The superpowers of the Super Tuscan – A rebel with a cause
If you’ve ever been grateful for pizza-and-pasta-perfect Italian wine, you have the Super Tuscan to thank (a big fat grazie from us here at the ’fo). A fairly broad category of red blends from, as you might’ve guessed, the Tuscany region of Italy, Super Tuscans are the wine equivalent of the leather jacket-wearing, motorcycle-riding rebel in every teen movie ever: born out of a desire to break the mould, but actually incredibly popular and – in the end – pretty mainstream.
The history of the Super Tuscan is inseparable from the history of Chianti – arguably the most famous of Italy’s wines, as well as a legendary wine region in central Tuscany. Here’s the deal...
The rule-breaking origins of the Super Tuscan
In the mid-1900s, Italy created its DOC system, ostensibly in order to ensure consistent quality and to preserve winemaking traditions in each region. But in Chianti, the rules – which specified that Chianti DOC wines could contain only indigenous Italian varietals (such as sangiovese, the backbone of this famous vino) and could include up to 20% white grapes – seriously backfired.
That 20% white grapes rule quickly morphed out of control and into an easy way for winemakers to dilute their blends and increase their output, taking advantage of the worldwide popularity of Chianti wines while simultaneously causing the quality of those wines to plummet. Enter a decline of the once-pristine Chianti rep – and some very, very surly Tuscan winemakers.
Angered by the money-grubbing vintners tanking the image of Chianti across the globe and the stubborn refusal of the Italian government to amend the DOC rules, a group of winemakers went rogue...
...and the Super Tuscan was born.
These rebellious wines said a hard ‘no’ to white grapes and included non-native varietals such as cabernet sauvignon, merlot, and syrah. Because of the DOC restrictions, these iconoclasts weren’t allowed to label themselves as ‘Chianti’; instead, they had to deal with the ‘table wine’ sticker, historically a marker of low-quality vino.
Shortly thereafter, a handful of American press came to the rescue, tasting the new creations coming out of the stifled Chianti region and spreading the word far and wide about the power, intensity, and quality of the ‘Super Tuscans.’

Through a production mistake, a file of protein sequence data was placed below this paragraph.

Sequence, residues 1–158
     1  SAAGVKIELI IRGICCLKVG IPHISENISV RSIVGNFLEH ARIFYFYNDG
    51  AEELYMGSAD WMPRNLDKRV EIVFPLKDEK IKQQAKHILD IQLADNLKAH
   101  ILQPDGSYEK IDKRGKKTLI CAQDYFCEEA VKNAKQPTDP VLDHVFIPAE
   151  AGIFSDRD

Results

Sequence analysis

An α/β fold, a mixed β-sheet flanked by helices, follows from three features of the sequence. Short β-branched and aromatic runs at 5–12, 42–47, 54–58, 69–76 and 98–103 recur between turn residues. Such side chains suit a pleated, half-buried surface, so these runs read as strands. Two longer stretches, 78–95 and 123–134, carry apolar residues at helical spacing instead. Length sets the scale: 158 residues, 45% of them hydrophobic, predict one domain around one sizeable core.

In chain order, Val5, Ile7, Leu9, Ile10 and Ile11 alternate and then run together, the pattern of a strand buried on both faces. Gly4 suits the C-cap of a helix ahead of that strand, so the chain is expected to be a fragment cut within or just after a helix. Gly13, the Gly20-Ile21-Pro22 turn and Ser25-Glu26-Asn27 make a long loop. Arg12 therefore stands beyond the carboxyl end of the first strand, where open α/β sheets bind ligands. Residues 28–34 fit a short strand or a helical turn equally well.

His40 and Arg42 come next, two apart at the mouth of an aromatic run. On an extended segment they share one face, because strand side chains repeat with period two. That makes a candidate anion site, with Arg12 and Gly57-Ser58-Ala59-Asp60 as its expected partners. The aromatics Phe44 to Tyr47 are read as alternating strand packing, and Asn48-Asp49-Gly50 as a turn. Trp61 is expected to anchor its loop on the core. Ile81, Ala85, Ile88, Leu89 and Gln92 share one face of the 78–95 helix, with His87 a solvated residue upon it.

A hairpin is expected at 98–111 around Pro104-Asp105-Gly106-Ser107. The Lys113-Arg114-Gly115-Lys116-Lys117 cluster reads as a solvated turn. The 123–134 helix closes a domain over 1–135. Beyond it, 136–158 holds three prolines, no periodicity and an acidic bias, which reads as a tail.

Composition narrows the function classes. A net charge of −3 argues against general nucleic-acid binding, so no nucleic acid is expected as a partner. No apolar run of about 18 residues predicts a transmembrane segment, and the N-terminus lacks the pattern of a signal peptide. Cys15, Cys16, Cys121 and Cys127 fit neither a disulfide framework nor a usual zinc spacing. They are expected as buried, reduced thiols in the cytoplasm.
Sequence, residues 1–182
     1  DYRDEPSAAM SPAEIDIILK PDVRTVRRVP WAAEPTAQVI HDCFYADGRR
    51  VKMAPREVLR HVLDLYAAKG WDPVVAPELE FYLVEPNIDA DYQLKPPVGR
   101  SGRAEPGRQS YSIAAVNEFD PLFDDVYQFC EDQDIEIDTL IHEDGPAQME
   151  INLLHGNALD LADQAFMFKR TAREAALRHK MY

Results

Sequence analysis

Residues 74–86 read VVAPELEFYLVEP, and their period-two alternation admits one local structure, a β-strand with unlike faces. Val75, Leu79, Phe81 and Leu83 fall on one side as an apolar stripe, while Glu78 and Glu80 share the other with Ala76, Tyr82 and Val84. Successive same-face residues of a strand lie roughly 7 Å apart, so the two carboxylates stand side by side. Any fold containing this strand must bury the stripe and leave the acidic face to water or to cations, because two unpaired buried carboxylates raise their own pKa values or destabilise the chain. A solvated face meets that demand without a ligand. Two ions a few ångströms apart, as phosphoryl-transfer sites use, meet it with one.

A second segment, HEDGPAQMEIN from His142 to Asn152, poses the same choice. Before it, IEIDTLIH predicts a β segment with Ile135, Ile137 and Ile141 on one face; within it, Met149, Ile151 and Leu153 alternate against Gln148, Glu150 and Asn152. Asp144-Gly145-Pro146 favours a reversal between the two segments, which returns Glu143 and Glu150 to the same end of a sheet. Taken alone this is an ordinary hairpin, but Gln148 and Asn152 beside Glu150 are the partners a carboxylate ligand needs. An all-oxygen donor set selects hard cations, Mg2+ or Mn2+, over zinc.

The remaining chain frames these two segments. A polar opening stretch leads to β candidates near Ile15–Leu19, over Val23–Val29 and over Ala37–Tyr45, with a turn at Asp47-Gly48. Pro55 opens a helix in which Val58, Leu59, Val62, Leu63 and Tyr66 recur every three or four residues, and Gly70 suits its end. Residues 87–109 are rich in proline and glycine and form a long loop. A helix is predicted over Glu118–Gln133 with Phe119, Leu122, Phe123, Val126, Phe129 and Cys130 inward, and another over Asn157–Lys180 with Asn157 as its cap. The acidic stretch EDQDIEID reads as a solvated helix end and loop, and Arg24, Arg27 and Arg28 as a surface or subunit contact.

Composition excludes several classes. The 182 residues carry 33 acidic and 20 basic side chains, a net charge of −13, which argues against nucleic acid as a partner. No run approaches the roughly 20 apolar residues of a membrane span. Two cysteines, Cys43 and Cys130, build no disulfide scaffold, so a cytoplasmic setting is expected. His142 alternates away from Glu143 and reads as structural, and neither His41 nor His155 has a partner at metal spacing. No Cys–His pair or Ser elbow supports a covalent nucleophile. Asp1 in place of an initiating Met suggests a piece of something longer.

In the early ’80s, Italy saw the light and amended its wine laws, eliminating the 20% white-varietal allowance — and in the ’90s, they created an entirely new designation: IGT (Indicazione Geografica Tipica) to officially condone the production of the ‘experimental’ Super Tuscan.
IGT was created in 1992 to recognise the high quality Tuscan wines that didn't fit neatly into the DOC system.
Meanwhile, Bolgheri DOC – which was actually created in 1983 but only included whites and rosé – allowed reds that would have otherwise fallen into IGT status from 1994.
And in only 2011, wines from Maremma were elevated from IGT to Maremma Toscana DOC status.
Mofo tip: If you're wondering how to spot a Super Tuscan on the shelf, keep an eye out for the terms ‘IGT Toscana’, ‘Bolgheri DOC’ and ‘Maremma DOC’. You still might not be able to tell exactly which grapes constitute the blend, but you can safely assume it’s a proportion of all or a few of these guys.
Confused? So were we. Then we got some in our glass and none of it actually mattered...
Fun fact: Between Bolgheri DOC and Maremma DOC, 10 million litres of delicious Super Tuscan wine hits the market each year.
The Super Tuscan players
Superpowers: Bright acidity, rustic flavours, and dangerous drinkability.
Superpowers: Big ol’ tannins, powerful structure, and complex notes of dark fruit, smoke, and earth.
Superpowers: Drinkability! Drinkability! Drinkability! But seriously: crowd-pleasing red fruit flavours and a softness that makes it so, so easy to quaff.
Superpowers: Deep colour, bold dark fruit flavours, and pleasantly complex hints of baking spices and game.
Superpowers: Savoury characters, elevated aromatics, and higher acidity.